These Are the Two Golden Rules Google Sticks to When Hiring New Employees

These Are the Two Golden Rules Google Sticks to When Hiring New EmployeesThese Are the Two Golden Rules Google Sticks to When Hiring New Employees
Google used to be known for having wacky hiring questions like “How many ping-pong balls can you fit in a space shuttle?” and “How would you evacuate a busy street during an earthquake?” To get a job there, you had to meet several criteria, all of which were nothing less than exceptional. However, Google has since realized that their hiring practices have led to some bad results, so the tech company has simplified the process to something less crazy. Perhaps strategies like active sourcing can be implemented.
For one, Google sets a high bar for hiring and never goes below it for any reason. Google’s former product head, Jonathan Rosenberg, explained in an interview with the Harvard Business Review:

“So what happens is people lose their focus on the absolute value of the talent, and they often get sidetracked with things like the urgency of a role. And as soon as you start allowing your teams to do that, then you start hiring people who are just below the current bar.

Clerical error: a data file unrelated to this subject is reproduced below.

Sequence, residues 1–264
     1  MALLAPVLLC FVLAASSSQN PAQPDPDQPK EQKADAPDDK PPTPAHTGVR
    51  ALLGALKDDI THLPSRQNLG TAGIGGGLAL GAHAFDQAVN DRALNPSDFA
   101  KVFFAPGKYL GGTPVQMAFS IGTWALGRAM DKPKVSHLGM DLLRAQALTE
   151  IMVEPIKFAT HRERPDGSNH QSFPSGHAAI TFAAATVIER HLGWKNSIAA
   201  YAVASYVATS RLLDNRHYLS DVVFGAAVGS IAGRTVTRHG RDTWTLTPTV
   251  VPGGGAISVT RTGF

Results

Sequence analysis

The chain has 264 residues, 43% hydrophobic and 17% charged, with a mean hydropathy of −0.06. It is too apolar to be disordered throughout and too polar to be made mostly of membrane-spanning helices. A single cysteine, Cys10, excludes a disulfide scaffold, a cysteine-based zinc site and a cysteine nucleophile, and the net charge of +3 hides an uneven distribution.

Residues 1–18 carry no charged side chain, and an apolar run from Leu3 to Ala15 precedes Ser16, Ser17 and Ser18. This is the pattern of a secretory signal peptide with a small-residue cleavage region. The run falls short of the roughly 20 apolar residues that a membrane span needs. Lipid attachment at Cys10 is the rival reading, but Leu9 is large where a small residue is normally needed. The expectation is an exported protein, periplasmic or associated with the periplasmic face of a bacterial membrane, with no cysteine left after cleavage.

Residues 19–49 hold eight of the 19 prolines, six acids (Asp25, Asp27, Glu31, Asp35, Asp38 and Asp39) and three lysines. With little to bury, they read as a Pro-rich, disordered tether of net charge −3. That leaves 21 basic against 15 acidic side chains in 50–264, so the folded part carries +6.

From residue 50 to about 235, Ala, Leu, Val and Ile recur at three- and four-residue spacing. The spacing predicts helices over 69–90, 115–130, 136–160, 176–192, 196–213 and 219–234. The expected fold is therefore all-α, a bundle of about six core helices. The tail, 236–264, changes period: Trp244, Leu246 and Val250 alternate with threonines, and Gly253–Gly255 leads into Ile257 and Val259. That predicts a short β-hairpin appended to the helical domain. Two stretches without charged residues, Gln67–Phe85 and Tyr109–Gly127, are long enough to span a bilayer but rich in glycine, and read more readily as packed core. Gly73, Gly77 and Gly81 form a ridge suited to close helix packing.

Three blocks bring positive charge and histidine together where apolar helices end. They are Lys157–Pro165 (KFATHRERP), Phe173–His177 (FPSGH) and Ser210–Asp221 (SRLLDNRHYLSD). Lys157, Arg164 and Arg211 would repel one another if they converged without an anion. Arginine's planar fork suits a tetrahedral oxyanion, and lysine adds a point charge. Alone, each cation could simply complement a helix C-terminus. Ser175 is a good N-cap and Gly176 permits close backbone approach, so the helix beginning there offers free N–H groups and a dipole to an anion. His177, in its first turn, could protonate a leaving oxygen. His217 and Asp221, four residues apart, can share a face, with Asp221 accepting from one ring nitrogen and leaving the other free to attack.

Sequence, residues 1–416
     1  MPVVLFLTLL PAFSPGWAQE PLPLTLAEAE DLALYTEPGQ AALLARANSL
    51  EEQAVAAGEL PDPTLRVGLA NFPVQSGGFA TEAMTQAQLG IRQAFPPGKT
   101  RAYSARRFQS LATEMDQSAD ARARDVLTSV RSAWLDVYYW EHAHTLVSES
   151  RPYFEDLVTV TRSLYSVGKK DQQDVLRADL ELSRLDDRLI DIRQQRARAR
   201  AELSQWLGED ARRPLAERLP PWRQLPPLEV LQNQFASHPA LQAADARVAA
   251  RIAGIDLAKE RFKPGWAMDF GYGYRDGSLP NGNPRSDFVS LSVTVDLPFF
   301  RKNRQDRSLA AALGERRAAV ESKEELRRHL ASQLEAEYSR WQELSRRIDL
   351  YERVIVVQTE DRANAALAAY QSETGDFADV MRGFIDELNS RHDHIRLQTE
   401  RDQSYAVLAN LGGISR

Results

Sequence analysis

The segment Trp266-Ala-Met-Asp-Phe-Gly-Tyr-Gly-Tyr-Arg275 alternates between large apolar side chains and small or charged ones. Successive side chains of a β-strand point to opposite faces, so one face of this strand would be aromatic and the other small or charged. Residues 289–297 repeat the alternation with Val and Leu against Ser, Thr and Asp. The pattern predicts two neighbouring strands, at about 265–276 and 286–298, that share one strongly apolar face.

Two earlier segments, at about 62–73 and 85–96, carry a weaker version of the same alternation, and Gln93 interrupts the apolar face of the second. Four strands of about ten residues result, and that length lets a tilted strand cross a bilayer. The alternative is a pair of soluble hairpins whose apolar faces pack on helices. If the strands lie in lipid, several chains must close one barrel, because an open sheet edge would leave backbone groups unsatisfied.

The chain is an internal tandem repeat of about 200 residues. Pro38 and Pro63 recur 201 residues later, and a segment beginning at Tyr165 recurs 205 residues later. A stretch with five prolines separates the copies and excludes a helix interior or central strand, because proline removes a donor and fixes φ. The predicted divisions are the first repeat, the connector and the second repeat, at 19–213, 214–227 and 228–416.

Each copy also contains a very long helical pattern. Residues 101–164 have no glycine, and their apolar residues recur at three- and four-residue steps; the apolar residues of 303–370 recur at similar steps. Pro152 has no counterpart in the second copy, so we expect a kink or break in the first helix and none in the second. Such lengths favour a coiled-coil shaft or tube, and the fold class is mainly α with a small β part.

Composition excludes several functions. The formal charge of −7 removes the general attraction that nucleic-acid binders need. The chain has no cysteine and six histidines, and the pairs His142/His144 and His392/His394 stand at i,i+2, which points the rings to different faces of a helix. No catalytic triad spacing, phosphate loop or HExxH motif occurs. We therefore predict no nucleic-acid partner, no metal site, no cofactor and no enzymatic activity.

And then you create the negative dynamic of what we had called in the book ‘the herd effect,’ right? As soon as you let an A hire a B, that B’s going to hire a C, because B’s are threatened by A’s. So you’ve gotta start from the beginning and make sure that you just have A’s who hire A’s.”

But even if you are focusing on talent and value, no one manager can do the hiring themselves without suffering from some kind of hiring bias. Google hiring chief Laszlo Bock explained at LinkedIn’s Talent Connect:

“Larry and Sergei figured out early on that there’s a reversion to the mean when you don’t. Let’s say you hire a great person — they’ll hire someone almost as good, who hires someone almost as good, and over time you’re just hiring average people.

It’s why performance distributions look the way they do. You have to draw a line. Hiring managers are biased, they want to fill positions fast and feel pressure to hire people you probably shouldn’t. It’s nephews, cousins, college roommates, the daughter of client. You make one compromise, people say, ‘Oh that’s how it works — it’s politics.’ Then they try to get anyone a job instead of consistently maintaining a high bar.”

So if you are looking for some quick tips to hiring, don’t worry about who has the best looking résumé, the most sparkling references, or the highest GPA and test scores — always focus on talent and value as it relates to the company and run that candidate by several managers so that they can all develop an impression.
And if you find yourself as the job candidate on the other end of those hiring decisions, the process might be hell on your nerves, but there are simple strategies for that too.
Source: QZ
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